A tradition of traditions

John S. Anderson provides incoming students with a sense of history and their place in it.
October 01, 2018

Professor Emeritus John Anderson has made the four-hour drive to Itasca State Park every summer for 16 years to participate in Nature of Life, the Collegeís signature program at Itasca Biological Station and Laboratories. Over the course of three weeks, hundreds of soon-to-be freshmen make their way through four days of biology modules and cohort-building activities. Anderson gives his take on teaching the freshly minted freshmen a lesson in University and College traditions.

You were among the faculty who developed Nature of Life, and you have been part of the program from the start. Why do you think Nature of Life leaves such a lasting impression on students and alumni?
The transition from the high school environment to the university environment is challenging in many ways: making oneís way among a massive crowd of people totally unknown to one another, the stress of more demanding course standards, living away from home and family. NOL addresses these challenges head on by building a sense of community among CBS students. When they arrive on campus for their first semester, they have already become acquainted with a substantial number of their classmates. They have already been briefly submerged in the details of two modules and learned interesting aspects of the University of Minnesota. Having had the four-day NOL experience, they are better prepared to begin their four-year on-campus journey. Many have made lifelong friendships.

You and a team of student photographers take hundreds of photos each session, some of which you use in a slideshow at each NOL ìgraduation ceremonyî on the studentsí final night at Itasca. What prompted you to begin this tradition?
As with most enterprises, the Nature of Life slideshow has many contributing roots. In the initial years of NOL my module involved the extraction of the pigments of plant leaves followed by their separation by paper chromatography. The very visual result was a chromatogram which had varied proportions of the green bands of chlorophylls a and b as well as the yellow bands of carotenes and xanthophylls. A digital photograph of the studentís chromatogram was supplied to each participant as a record of their accomplishment.

When I discontinued leading my module on plant pigments, I continued Nature of Life participation through traditions, which allowed time to devote to the slideshow, an idea introduced by an NOL coordinator. Associate peer mentors were provided cameras and asked to take photos, since much NOL activity takes place simultaneously at various locations.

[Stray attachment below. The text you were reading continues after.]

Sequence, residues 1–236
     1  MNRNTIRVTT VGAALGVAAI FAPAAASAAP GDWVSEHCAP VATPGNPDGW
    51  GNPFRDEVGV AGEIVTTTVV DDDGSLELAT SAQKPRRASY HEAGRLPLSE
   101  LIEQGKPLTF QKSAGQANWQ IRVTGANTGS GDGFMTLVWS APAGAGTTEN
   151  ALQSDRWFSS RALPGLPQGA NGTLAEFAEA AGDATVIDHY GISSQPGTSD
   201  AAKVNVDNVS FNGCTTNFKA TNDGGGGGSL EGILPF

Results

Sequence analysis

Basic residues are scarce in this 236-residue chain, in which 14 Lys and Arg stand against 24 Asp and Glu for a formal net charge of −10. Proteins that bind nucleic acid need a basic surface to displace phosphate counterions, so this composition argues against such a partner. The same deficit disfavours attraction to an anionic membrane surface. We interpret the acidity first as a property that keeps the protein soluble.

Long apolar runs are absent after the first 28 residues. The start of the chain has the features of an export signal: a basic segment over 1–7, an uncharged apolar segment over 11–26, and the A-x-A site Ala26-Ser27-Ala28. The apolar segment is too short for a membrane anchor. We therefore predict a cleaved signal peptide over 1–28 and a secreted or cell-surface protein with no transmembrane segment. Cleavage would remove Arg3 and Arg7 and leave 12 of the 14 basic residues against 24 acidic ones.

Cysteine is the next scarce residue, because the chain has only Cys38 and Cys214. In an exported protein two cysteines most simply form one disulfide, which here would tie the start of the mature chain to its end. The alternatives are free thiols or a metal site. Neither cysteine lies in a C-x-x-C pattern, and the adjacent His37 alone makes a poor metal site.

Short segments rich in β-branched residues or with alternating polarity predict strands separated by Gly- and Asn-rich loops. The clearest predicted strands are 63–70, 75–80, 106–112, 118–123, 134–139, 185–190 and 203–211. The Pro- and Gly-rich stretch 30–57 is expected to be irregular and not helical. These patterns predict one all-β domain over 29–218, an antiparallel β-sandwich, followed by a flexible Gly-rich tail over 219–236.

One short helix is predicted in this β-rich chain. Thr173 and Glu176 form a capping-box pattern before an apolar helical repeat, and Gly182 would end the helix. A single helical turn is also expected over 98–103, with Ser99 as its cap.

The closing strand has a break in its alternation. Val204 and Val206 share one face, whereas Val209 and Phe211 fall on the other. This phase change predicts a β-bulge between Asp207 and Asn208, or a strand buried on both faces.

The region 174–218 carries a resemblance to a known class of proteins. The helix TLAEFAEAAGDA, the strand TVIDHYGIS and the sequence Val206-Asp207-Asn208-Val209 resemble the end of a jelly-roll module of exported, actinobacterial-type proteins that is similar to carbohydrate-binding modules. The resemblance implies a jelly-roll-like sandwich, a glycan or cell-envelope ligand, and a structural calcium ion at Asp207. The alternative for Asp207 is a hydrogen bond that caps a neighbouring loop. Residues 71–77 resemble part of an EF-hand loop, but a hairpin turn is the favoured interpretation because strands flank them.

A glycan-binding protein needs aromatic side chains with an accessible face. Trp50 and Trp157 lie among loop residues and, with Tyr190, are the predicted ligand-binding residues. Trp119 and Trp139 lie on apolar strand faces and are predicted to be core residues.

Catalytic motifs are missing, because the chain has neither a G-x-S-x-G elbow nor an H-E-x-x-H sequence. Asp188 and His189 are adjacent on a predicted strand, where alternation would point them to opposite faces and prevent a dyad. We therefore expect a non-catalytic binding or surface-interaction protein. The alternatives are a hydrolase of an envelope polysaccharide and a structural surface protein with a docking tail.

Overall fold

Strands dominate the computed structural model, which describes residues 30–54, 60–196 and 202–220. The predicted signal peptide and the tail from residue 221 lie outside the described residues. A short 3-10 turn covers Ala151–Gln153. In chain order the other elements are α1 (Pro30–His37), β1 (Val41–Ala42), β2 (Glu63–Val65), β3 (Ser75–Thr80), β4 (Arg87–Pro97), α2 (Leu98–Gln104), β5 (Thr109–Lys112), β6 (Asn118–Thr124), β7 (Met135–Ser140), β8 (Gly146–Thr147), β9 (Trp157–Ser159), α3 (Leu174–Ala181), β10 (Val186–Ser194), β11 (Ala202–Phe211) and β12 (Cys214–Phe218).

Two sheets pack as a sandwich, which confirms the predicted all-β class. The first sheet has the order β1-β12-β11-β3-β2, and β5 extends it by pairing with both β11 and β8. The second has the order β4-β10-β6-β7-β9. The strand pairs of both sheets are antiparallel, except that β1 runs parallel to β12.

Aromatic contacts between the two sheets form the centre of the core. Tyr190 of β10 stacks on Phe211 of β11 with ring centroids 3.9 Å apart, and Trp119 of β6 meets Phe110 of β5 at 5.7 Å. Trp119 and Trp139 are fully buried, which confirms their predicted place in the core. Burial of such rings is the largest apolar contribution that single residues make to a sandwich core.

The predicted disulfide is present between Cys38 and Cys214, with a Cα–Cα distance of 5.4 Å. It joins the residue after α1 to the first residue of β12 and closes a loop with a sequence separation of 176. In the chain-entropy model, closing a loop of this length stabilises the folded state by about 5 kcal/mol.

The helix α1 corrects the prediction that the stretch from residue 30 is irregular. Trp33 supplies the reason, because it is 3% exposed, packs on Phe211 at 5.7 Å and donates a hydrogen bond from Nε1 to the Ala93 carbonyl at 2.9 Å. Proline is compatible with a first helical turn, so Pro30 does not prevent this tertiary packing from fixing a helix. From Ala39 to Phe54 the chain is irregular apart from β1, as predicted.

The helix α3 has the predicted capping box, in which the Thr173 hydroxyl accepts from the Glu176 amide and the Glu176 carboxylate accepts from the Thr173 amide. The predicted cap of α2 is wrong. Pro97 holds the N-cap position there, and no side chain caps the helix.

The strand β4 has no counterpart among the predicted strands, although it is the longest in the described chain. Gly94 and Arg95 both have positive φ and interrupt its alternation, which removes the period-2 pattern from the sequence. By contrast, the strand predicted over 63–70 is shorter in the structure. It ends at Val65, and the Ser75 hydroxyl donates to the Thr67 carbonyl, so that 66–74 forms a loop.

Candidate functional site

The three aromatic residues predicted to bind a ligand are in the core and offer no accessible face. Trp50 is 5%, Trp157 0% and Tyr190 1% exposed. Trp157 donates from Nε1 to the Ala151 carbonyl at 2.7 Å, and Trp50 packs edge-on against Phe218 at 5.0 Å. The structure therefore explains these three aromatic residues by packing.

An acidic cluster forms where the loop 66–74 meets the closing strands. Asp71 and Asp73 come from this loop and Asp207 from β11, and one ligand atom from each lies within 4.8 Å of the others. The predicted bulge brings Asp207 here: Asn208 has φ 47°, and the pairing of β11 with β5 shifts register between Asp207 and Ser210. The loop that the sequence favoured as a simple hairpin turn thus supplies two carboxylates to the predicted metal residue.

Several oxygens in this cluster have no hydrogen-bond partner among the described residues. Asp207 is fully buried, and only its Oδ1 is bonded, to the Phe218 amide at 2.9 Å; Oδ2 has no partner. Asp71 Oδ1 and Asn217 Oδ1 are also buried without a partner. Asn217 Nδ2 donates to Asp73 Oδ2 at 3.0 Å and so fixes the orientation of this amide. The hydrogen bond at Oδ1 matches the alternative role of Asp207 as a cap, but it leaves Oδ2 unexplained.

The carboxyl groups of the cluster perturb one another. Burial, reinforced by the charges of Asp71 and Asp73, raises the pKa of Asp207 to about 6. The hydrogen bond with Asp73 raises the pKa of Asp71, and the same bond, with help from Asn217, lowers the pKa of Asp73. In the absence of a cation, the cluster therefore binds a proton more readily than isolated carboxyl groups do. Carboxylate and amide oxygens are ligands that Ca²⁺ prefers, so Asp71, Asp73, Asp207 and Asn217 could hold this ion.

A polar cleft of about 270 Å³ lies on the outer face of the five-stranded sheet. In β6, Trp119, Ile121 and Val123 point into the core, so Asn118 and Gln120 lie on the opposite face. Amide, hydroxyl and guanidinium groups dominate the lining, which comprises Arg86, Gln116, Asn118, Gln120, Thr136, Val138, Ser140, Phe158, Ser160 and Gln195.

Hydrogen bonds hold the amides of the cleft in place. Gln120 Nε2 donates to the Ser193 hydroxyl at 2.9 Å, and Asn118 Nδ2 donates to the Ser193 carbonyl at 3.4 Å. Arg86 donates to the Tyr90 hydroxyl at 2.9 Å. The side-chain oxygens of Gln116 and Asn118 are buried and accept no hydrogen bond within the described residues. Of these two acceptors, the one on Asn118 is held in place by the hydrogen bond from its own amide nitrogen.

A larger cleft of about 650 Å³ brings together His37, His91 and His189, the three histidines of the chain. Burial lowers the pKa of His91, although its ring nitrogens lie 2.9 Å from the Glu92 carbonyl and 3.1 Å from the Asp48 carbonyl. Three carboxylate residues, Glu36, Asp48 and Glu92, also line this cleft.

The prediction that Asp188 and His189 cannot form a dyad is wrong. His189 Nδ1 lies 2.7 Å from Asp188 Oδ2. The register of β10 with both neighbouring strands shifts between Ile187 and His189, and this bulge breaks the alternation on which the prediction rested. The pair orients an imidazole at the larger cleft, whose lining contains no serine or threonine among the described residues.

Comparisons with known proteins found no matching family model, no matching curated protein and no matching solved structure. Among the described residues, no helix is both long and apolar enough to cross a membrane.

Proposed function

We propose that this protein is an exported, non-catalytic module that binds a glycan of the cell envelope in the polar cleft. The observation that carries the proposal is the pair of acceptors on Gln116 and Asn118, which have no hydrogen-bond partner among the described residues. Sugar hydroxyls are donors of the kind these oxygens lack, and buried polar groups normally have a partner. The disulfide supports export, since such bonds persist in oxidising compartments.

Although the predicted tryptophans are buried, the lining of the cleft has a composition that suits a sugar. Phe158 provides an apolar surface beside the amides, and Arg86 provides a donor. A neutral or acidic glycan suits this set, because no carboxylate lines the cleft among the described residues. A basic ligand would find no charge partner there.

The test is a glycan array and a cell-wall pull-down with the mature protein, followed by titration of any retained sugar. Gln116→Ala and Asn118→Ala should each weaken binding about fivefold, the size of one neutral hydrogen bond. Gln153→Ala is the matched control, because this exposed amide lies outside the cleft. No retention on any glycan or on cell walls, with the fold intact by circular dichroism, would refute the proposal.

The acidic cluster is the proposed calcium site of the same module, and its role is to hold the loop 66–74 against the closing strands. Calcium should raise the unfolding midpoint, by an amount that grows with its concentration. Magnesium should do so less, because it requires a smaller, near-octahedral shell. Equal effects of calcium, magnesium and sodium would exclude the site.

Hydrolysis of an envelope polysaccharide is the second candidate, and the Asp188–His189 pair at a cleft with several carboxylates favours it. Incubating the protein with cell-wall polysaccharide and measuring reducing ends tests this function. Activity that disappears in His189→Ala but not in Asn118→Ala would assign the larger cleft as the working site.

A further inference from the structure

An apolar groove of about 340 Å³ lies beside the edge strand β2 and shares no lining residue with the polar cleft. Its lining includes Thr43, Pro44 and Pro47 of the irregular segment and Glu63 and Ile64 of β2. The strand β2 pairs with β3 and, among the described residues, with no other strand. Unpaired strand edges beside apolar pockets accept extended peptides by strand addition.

The slideshow illustrates the essence of the Itasca experience by including photos of each module and activity. An important objective is to include photos of every student, peer mentor and faculty participant. With the help of the associate peer mentors, about a thousand photos are collected for each Nature of Life session. About a third of these are selected for the slideshow.  The presentation is enhanced by the inclusion of Interesting, upbeat instrumental music.

You teach the students about University and College traditions over the course of each session. They learn everything from how to navigate the Gopher Way to how to sing the Rouser, hand movements and all. What is your favorite tradition and why?
It is difficult to single out a favorite tradition, since it takes the collection of many traditions to flesh out the feeling of belonging to the University of Minnesota community. It is especially fun to tell the NOL participants about how we became known as the Golden Gophers.  Nevertheless, the students seem to respond most positively to the Rouser. Admittedly the peer mentors and I specifically stimulate the enthusiasm of the incoming students. It is noteworthy that from time to time random groups of CBS students can be heard singing the Rouser. The leadership and enthusiasm of CBS students in singing the Rouser at Convocation is also especially gratifying!